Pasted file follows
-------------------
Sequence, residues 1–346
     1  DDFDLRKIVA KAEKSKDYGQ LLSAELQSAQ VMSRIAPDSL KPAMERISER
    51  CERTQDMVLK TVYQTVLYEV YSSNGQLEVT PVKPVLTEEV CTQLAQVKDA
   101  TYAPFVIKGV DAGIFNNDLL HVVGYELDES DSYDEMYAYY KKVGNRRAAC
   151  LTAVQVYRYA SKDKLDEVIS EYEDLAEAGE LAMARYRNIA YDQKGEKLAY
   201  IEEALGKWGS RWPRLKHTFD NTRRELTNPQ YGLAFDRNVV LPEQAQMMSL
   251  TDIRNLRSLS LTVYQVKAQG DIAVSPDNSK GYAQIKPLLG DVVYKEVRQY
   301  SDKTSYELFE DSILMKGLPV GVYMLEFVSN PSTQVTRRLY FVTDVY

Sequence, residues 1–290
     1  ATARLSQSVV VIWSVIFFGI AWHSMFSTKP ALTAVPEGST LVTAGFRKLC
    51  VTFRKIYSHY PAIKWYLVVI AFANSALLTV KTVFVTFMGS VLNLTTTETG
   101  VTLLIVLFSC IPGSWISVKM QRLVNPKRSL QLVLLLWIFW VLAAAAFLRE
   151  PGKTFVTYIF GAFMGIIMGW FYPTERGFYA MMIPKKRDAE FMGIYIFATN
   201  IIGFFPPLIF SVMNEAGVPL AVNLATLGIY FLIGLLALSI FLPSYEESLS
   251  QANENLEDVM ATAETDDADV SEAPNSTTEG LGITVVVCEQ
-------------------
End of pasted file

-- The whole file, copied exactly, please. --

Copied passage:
Sequence, residues 1–346
     1  DDFDLRKIVA KAEKSKDYGQ LLSAELQSAQ VMSRIAPDSL KPAMERISER
    51  CERTQDMVLK TVYQTVLYEV YSSNGQLEVT PVKPVLTEEV CTQLAQVKDA
   101  TYAPFVIKGV DAGIFNNDLL HVVGYELDES DSYDEMYAYY KKVGNRRAAC
   151  LTAVQVYRYA SKDKLDEVIS EYEDLAEAGE LAMARYRNIA YDQKGEKLAY
   201  IEEALGKWGS RWPRLKHTFD NTRRELTNPQ YGLAFDRNVV LPEQAQMMSL
   251  TDIRNLRSLS LTVYQVKAQG DIAVSPDNSK GYAQIKPLLG DVVYKEVRQY
   301  SDKTSYELFE DSILMKGLPV GVYMLEFVSN PSTQVTRRLY FVTDVY

Sequence, residues 1–290
     1  ATARLSQSVV VIWSVIFFGI AWHSMFSTKP ALTAVPEGST LVTAGFRKLC
    51  VTFRKIYSHY PAIKWYLVVI AFANSALLTV KTVFVTFMGS VLNLTTTETG
   101  VTLLIVLFSC IPGSWISVKM QRLVNPKRSL QLVLLLWIFW VLAAAAFLRE
   151  PGKTFVTYIF GAFMGIIMGW FYPTERGFYA MMIPKKRDAE FMGIYIFATN
   201  IIGFFPPLIF SVMNEAGVPL AVNLATLGIY FLIGLLALSI FLPSYEESLS
   251  QANENLEDVM ATAETDDADV SEAPNSTTEG LGITVVVCEQ